Above: Hoosier Hills CU CEO George McNichols has been a driving force behind the concept of network CUs.
A concept championed by Hoosier Hills Credit Union CEO George McNichols aims to prevent this all-to-common scenario: A $30 million asset credit union celebrates its 50th anniversary, and the board is justly proud of the cooperative’s distinguished history. Photos of the founding officers line the walls of the branch, which still looks much as it did as when it opened in 1965.
But with a staff of five, the credit union’s CEO finds it hard to keep up with the avalanche of new regulations and ever-expanding compliance requirements.
Fifty years ago, it was enough for the credit union to offer share savings accounts and auto loans. But today’s sophisticated financial consumers demand mortgages, checking accounts, electronic services, business loans, and 24/7 online access.
Coupled with rapidly growing threats—and costs—from data breaches and financial fraud, this small cooperative is struggling to stay afloat. The CEO wonders how she’ll face her annual regulatory exam in just a few weeks.
The problems this scenario illustrates are all too real for many of the nation’s small credit unions. With multiple and complex challenges facing today’s credit unions, it’s no wonder the industry has seen unprecedented contraction in the number of credit unions over the past few decades.
“Since 2000, we have watched the number of credit unions steadily decline,” says Mike Schenk, CUNA’s vice president of economics and statistics and liaison to CUNA’s Small Credit Union Committee. “During that period we lost approximately one credit union per business day.”
According to a Filene Research Institute report, the number of U.S. credit unions has dropped precipitously since its 1969 high of nearly 24,000. After more than 13,000 mergers and a much smaller number of liquidations in the decades since, only about 6,300 credit unions remain today.
A new merger option
One idea is being heralded as a much-needed option. More than a decade in the making, the “network credit union” allows credit unions to achieve the benefits of collaboration, economies of scale, and diversification without giving up their unique brand identity and local market presence.
Just as important, the architects of the network credit union framework took pains to ensure it fits comfortably within the existing Federal Credit Union Act.
This long journey culminated recently with several important milestones, including acceptance of the proposed structure by NCUA’s Office of General Counsel and successful presentations to the Small Credit Union Roundtable at the 2015 CUNA Governmental Affairs Conference (GAC) and during a Collaboration Roundtable at the 2015 America’s Credit Union/World Credit Union Conference in Denver.
It all started in 2003 when McNichols had a casual conversation with the president of a regional medical center in Indiana. McNichols, head of $413 million asset Hoosier Hills Credit Union in Bedford, Ind., learned the center had just undergone a merger into a statewide network of not-for-profit hospitals.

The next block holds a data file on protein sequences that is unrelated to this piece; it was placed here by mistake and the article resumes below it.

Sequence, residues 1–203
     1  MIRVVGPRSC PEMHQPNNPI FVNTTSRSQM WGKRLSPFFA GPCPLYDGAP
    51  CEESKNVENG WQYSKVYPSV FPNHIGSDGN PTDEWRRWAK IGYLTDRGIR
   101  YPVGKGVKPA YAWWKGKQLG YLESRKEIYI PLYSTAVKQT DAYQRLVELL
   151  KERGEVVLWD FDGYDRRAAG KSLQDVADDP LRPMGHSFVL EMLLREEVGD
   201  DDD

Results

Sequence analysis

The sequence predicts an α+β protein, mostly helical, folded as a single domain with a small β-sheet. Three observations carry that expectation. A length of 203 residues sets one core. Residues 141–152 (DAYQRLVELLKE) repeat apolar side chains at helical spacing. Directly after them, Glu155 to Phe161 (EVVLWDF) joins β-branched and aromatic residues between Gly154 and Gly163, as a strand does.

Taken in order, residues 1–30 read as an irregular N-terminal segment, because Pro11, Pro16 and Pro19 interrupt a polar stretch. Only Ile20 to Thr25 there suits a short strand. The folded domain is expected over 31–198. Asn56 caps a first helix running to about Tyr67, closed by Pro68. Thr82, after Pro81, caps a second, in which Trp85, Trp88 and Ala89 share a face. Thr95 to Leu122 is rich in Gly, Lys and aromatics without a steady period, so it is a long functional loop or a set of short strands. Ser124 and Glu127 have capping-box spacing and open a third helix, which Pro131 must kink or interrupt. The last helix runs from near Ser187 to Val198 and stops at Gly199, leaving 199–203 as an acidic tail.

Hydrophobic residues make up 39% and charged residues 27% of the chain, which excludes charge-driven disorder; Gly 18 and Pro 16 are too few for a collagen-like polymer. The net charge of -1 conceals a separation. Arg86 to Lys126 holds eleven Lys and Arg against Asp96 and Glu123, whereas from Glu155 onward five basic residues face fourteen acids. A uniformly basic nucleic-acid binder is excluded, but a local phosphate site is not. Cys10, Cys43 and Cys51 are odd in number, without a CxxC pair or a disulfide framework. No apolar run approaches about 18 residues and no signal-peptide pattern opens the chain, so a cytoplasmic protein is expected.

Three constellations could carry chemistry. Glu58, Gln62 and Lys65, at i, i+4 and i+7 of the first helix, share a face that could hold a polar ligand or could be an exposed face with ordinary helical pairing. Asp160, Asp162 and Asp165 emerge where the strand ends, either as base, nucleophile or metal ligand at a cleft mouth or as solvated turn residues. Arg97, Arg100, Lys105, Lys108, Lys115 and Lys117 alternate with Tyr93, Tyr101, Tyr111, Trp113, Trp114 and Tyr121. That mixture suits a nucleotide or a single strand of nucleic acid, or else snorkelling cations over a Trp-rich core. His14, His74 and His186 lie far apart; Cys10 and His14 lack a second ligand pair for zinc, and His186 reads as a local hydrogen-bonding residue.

Impressed by the concept, which allowed member hospitals to keep their original names, volunteer boards, and CEOs, McNichols wondered if a similar structure could be applied to the credit union movement.
Over the next several years, he researched successful collaborative models in other industries and countries, including bank holding companies, the ACE Hardware franchise, and credit union movements in Canada and Brazil.
Canada’s Desjardins financial cooperative provided an early blueprint for the network credit union structure, and top executives in that organization provided substantial input and feedback to McNichols and his colleagues throughout the development process.
In 2007, McNichols was tapped to serve on former CUNA CEO Dan Mica’s so-called “Kitchen Cabinet” task force, which investigated alternative structures for credit union sustainability. McNichols used the platform to further explore and flesh out the network credit union concept with CUNA Chief Economist Bill Hampel and other industry leaders.
“George was the driving force behind the concept,” says John McKenzie, president of the Indiana Credit Union League. “He brought the passion to this project, and his leadership and activity at the league board level was really the driver to move the network idea to where it is today.”
Overcoming regulatory hurdles
A key development occurred when task force members talked with CUNA’s regulatory advocacy staff, which advised the group to take all the work it had done and ensure it fit within the Federal Credit Union Act, McNichols explains.
“So we went back and simplified the approach significantly and figured out how to keep and provide a voice for the divisional credit unions,” he says. “We structured it so the power rests with the network board, but each divisional board would have an automatic seat on the nominating committee of the net- work board. In this way, the ability to impact who is on the board comes from the nominating committee.”
After several rounds of discussions, in January 2014, NCUA’s Office of General Counsel provided confirmation that the network credit union language fits within the Federal Credit Union Act.
NEXT: A new approach